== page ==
The Oliver Marcy Papers comprise biographical materials; correspondence; copies of articles and addresses by Marcy; and materials relating to the Northwestern University Museum of Natural History.
Biographical materials include clippings, memorials, and obituaries pertaining to Marcy and his wife.
The Correspondence, which forms the bulk of the series, is separated into Oliver Marcy's correspondence and that of other members of the Marcy family. Oliver Marcy's correspondence spans the years from 1845 to 1898 with the bulk falling in the period from 1871 to 1892. This correspondence is arranged into folders by decade, and within folders by date. A few undated letters have been placed at the end of the correspondence.
Marcy's correspondence consists of both incoming letters and copies of outgoing letters and concerns a variety of subjects, including his early career as a science teacher at Wilbraham Academy and at Amenia Seminary. Marcy's later correspondence pertains to his career as a faculty member and his two separate terms as Acting President of Northwestern. His letters to his wife discuss, along with family matters, Northwestern's faculty and administration, campus life, and Evanston's early growth. There are also a number of letters from Marcy to his daughter and from his brother Ichabod, a Methodist minister in Georgia. Marcy's correspondence with Northwestern's business agent Thomas C. Hoag concerns salary and expenses mainly connected with the operation of the Museum of Natural History. Related correspondence refers to Museum catalogs and the acquisition and loan of Museum specimens. Letters pertaining to the Museum from Horace Mann (June 4, 1868), William Deering (May 21, 1890; October 14, 1890), Charles W. Deering (November 21, 1888; December 5, 1888; December 13; 1889), and the secretaries of the Smithsonian Institution Spencer F. Baird (December 9, 1861; March 29; 1866; June 30, 1880; August 3, 1880) and Joseph Henry (January 21, 1874) are included. Marcy's interest in the geology of the Chicago region is documented by pertinent correspondence from the 1890s.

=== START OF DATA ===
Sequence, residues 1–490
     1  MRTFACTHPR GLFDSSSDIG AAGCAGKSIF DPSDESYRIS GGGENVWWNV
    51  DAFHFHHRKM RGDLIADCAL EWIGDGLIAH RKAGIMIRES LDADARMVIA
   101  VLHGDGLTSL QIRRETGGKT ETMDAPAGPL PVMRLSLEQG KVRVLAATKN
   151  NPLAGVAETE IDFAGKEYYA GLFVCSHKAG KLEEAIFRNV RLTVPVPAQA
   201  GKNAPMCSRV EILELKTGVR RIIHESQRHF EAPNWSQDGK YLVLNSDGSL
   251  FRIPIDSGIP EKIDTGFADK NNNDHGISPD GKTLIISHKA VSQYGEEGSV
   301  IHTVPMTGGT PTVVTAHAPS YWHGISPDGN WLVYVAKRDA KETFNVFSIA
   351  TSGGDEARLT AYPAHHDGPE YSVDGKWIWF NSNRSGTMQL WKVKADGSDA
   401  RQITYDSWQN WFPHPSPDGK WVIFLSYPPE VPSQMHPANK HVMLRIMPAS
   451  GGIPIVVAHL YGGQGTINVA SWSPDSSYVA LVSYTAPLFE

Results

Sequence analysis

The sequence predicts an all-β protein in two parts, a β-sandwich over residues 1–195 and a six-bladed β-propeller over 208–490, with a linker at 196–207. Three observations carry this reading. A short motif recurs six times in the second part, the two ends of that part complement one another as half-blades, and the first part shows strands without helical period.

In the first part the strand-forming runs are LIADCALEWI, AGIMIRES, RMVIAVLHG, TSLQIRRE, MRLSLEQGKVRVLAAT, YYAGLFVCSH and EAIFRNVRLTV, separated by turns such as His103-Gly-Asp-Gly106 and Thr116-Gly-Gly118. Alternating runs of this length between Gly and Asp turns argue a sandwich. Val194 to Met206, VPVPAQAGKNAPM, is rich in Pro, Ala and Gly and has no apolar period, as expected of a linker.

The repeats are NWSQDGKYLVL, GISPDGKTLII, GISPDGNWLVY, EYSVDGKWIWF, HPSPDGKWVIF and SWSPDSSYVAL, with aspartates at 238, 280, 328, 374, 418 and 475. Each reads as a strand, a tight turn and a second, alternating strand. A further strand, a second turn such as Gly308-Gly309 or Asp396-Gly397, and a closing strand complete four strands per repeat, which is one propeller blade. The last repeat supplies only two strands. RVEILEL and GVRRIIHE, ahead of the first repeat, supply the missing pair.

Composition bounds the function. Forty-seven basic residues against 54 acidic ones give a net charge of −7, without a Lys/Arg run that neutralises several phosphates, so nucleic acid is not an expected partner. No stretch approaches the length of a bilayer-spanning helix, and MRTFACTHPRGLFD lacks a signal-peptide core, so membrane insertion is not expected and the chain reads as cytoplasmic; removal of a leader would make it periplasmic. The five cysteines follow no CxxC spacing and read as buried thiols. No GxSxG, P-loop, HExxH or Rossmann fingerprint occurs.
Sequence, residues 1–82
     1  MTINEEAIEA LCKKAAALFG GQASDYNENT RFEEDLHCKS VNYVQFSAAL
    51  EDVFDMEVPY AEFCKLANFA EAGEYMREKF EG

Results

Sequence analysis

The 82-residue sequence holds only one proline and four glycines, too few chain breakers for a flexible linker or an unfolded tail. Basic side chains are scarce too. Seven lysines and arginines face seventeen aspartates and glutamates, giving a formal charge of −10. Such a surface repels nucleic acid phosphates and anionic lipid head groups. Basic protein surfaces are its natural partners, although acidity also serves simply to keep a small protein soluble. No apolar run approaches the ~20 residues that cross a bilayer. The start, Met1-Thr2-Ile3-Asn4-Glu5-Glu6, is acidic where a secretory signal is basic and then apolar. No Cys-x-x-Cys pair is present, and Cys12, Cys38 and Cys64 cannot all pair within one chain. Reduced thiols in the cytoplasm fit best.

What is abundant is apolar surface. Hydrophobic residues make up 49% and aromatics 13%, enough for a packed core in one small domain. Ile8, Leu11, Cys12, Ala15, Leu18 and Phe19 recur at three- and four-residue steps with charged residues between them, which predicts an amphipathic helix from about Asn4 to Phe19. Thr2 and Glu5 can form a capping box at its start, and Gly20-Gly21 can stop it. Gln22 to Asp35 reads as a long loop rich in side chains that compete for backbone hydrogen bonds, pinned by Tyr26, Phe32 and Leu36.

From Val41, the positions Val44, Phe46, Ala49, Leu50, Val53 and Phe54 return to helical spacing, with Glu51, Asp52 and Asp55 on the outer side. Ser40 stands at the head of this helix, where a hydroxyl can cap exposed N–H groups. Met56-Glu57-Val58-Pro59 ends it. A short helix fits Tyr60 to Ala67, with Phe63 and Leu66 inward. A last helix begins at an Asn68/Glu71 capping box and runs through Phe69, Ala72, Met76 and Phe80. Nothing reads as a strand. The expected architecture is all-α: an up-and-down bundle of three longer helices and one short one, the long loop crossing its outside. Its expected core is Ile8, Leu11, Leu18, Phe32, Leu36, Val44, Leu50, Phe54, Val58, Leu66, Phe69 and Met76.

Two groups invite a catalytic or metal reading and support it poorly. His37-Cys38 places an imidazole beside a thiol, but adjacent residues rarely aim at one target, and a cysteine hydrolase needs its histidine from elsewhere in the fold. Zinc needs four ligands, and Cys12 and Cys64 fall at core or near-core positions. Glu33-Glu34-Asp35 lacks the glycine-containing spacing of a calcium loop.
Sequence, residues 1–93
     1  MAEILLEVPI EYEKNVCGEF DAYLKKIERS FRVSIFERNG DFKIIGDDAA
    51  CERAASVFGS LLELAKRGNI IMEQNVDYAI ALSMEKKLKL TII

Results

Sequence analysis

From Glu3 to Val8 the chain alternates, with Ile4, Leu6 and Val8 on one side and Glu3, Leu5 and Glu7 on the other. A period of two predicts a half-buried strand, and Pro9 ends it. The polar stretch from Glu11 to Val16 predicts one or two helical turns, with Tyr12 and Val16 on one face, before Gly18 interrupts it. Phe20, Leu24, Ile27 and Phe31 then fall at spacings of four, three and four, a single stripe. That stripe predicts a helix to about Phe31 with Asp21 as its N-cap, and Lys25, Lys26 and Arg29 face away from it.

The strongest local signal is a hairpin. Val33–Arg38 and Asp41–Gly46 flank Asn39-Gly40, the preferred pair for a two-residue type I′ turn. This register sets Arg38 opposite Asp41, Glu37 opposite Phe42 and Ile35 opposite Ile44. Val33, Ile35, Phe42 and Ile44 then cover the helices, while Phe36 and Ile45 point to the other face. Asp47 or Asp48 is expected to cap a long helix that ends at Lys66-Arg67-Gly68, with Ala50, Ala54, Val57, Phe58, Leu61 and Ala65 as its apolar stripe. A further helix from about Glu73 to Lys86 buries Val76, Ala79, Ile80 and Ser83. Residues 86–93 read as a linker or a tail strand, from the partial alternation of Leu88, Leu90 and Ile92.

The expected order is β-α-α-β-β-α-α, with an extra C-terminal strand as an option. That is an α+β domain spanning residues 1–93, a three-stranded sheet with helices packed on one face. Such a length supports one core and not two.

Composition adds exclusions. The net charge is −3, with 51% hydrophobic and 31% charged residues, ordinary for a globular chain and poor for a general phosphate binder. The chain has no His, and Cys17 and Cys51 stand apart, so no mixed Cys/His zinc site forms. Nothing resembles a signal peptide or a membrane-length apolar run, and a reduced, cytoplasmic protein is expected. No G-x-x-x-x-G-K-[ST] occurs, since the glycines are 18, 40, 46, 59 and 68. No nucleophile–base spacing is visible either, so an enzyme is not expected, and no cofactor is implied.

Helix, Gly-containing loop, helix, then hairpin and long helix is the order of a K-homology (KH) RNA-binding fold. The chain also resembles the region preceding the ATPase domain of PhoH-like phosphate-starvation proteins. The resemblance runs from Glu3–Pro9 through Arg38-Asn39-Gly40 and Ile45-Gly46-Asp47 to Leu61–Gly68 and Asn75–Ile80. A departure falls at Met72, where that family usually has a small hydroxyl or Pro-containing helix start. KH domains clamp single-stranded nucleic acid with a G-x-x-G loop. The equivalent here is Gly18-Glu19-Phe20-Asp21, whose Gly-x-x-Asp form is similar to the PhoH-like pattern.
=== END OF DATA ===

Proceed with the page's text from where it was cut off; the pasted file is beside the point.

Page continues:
The Marcy family correspondence includes a typed copy of a letter from one of Marcy's cousins to another concerning family genealogy. Copies of letters between Mrs. Elizabeth D. Morris, Marcy's granddaughter, and the Northwestern University Archives, concerning disposition of Marcy family papers comprise the bulk of the family correspondence.
A few of Marcy's articles and addresses concerning farm labor, natural theology, science education, and botany, plus an article and a pamphlet on the genealogy of the Marcy family are included in the series.
A small amount of materials, excluding correspondence, that pertains to the Museum and the Laboratory of Natural History, the Biological Laboratory, and the Dr. Oliver Marcy Artifacts Collection is contained in one folder.
The Archives' reference shelves in Room 110 hold a copy of a memorial book printed on the occasion of Marcy's death and a copy of a Marcy family genealogy. The Archives also holds a number of photographs of Marcy and his wife.
Description of the Addition
The addition contextualizes Oliver Marcy's accomplishments within the story of the Smith and Marcy families, 1794-1911. The bulk of the papers, comprised mostly of family correspondence, date between 1840 and 1911. The papers consist of biographical materials; family correspondence; family manuscripts and publications; a research notebook; and family-related ephemera.